A Chinese woman who was abandoned as a baby on a bridge in Fuyang, Anhui province, 20 years ago wants her biological parents to attend her wedding on Friday next week.
Zhang Xiaoying, 20, contacted Fuyang Broadcasting and Television Station in the hope of putting out an appeal to the city of 10 million people.
"I will get married in 10 days. I wish my biological parents could be at the wedding," Zhang said in the interview. "I want to know how old they are and how their health is. I am also curious why they did not want me back then."
Zhang said she did not resent her biological parents as they might have had their difficulties.
"I often dream about them but never see them clearly. In every dream, they turn their back on me and leave," she said.
Zhang Xiaoying was found crying on the Shuanglong Bridge on a June morning in 1999 by a construction worker named Zhang Hongqi. Zhang Hongqi tried to find the girl's parents but when he could not, he took responsibility for her upbringing.
"My foster father told me I looked several days old and was wrapped in red cloth. I was given a bath and given the clothes of my foster aunt's child," Zhang said.
Zhang Hongqi named her Xiaoying and decided the date he found her would be her birthday. He never married.
Zhang Xiaoying had to drop out of school when she was 10 after her foster father died in an accident on a construction site in 2009.
She has since lived with several relatives and had a difficult life. She worked washing dishes in restaurants and as a waitress.
She had always wondered what her parents were like and whether they had wondered about her.
"I tried to look for them three years ago and went to that bridge at night, but I haven't been able to find them," she said.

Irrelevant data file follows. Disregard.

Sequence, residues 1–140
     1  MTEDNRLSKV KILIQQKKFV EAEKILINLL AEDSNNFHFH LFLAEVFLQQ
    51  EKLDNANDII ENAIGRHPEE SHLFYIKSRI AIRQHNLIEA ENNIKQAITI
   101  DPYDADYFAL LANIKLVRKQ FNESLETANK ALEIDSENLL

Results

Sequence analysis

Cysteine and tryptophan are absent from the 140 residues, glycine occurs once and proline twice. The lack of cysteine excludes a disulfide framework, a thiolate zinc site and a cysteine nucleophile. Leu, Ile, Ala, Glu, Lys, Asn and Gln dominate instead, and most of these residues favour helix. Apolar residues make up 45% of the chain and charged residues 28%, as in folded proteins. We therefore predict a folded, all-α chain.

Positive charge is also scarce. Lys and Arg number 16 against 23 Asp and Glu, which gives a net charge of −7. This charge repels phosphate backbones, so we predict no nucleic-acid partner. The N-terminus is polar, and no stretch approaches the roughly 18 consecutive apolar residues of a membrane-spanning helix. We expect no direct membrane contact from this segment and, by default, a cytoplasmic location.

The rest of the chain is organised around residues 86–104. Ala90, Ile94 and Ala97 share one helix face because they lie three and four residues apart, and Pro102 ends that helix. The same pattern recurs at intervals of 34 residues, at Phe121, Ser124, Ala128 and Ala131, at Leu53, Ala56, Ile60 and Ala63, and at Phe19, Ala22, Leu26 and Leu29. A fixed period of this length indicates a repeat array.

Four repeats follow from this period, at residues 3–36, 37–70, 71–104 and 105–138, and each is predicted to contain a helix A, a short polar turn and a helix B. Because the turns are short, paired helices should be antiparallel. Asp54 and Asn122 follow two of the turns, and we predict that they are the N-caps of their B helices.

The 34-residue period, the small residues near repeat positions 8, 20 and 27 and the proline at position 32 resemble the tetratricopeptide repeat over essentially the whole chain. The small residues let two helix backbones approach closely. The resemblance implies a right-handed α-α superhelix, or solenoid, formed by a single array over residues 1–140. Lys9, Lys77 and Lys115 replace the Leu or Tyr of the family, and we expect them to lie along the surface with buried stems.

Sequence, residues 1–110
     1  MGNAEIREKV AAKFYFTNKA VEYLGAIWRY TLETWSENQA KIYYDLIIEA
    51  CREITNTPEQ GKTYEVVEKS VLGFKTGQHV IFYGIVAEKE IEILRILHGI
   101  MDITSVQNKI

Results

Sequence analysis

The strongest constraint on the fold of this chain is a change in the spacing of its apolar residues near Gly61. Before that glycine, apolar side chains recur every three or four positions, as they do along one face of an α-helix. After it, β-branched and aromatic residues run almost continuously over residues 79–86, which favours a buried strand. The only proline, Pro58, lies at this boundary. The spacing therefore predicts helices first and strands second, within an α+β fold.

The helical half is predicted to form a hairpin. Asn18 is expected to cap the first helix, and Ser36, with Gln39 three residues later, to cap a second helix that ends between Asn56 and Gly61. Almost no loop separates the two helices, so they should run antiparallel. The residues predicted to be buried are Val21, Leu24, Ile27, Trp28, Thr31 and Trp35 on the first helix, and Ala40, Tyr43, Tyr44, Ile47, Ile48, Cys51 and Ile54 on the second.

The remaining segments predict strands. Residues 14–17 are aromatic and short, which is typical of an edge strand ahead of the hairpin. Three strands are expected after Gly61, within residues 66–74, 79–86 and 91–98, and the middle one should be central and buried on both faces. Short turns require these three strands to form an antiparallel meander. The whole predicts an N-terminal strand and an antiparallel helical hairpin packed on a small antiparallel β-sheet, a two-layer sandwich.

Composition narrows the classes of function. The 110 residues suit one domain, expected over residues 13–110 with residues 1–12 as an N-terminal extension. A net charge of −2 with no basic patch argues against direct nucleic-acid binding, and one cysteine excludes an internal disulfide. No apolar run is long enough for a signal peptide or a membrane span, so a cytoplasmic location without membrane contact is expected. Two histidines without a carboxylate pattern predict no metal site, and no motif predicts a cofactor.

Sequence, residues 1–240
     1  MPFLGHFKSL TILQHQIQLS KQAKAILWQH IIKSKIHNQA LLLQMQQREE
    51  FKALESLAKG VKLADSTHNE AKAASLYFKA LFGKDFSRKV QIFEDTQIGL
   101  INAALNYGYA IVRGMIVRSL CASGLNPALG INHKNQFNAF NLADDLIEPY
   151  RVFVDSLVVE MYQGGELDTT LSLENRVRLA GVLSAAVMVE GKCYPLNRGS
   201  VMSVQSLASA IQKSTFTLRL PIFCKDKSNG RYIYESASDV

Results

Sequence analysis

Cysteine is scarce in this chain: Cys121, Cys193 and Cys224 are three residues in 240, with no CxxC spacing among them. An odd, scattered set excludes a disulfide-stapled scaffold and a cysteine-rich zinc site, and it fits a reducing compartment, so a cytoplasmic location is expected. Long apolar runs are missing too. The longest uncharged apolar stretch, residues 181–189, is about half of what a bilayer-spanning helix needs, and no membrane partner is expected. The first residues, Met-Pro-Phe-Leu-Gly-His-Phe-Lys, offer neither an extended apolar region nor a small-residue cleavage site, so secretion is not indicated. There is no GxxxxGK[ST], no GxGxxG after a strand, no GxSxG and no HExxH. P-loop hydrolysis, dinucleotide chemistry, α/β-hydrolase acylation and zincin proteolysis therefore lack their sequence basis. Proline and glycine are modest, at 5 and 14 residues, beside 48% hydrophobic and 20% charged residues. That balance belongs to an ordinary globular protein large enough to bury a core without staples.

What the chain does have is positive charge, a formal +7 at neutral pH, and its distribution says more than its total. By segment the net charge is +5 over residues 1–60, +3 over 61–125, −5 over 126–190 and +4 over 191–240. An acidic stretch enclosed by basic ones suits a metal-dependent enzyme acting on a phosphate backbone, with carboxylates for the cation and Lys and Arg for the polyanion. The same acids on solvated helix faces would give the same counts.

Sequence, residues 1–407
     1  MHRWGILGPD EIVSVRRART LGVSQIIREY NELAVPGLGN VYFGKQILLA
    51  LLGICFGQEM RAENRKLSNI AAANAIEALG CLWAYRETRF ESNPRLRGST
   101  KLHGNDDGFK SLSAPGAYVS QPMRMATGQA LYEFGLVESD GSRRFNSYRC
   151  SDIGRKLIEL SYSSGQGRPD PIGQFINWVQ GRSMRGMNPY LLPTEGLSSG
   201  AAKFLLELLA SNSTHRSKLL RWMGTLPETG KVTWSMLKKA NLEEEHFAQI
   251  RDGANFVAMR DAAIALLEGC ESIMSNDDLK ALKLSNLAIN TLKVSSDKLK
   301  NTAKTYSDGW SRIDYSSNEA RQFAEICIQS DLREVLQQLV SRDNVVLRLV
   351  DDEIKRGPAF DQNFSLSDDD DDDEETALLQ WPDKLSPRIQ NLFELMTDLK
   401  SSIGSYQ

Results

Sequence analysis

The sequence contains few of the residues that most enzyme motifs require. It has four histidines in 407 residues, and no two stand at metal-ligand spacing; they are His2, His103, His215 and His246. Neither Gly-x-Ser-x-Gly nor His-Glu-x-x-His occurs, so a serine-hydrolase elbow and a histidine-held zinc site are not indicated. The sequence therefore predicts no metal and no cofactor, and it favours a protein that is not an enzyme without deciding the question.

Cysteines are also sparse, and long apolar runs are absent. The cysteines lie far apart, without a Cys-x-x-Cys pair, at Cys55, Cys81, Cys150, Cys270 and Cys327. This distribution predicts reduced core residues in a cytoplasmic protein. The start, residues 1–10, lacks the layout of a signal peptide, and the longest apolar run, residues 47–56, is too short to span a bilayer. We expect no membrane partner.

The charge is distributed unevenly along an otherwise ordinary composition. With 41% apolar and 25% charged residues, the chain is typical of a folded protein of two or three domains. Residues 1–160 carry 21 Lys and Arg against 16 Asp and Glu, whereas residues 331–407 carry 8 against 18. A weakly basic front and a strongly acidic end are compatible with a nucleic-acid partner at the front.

The wish to find them grows stronger as her wedding approaches, and her 90-year-old grandfather supported efforts to find them. Zhang decided to turn to the media for help.
Her appeal was picked up by Fuyang police, who invited her to take a DNA test on Tuesday, hoping to find a match for her.
Abandoning babies is a criminal offence in China but it is not uncommon. There is no official report on the extent of the problem, but a report from the Ministry of Civil Affairs in 2010 said that about 100,000 babies were abandoned every year.
To minimise the harm to abandoned children, the civil affairs authorities began setting up designated "drop points" across China in 2011. Between 2013 and 2014, some 1,400 children, most of them disabled, were found abandoned in 32 such drop points.
Internet users sent their blessings for the wedding but were divided on Zhang's attempt to find her biological parents.
"Do not look for them. They stopped being your parents the moment they abandoned you. They have never come to look for you," one Weibo user said.
Others were more understanding. "This is a knot in her heart that might never be untied if she does not find them. She is very kind trying to find them and get their blessings. Maybe they did have some unspeakable difficulties. I hope her wish comes true," one post said.
This article was first published in South China Morning Post.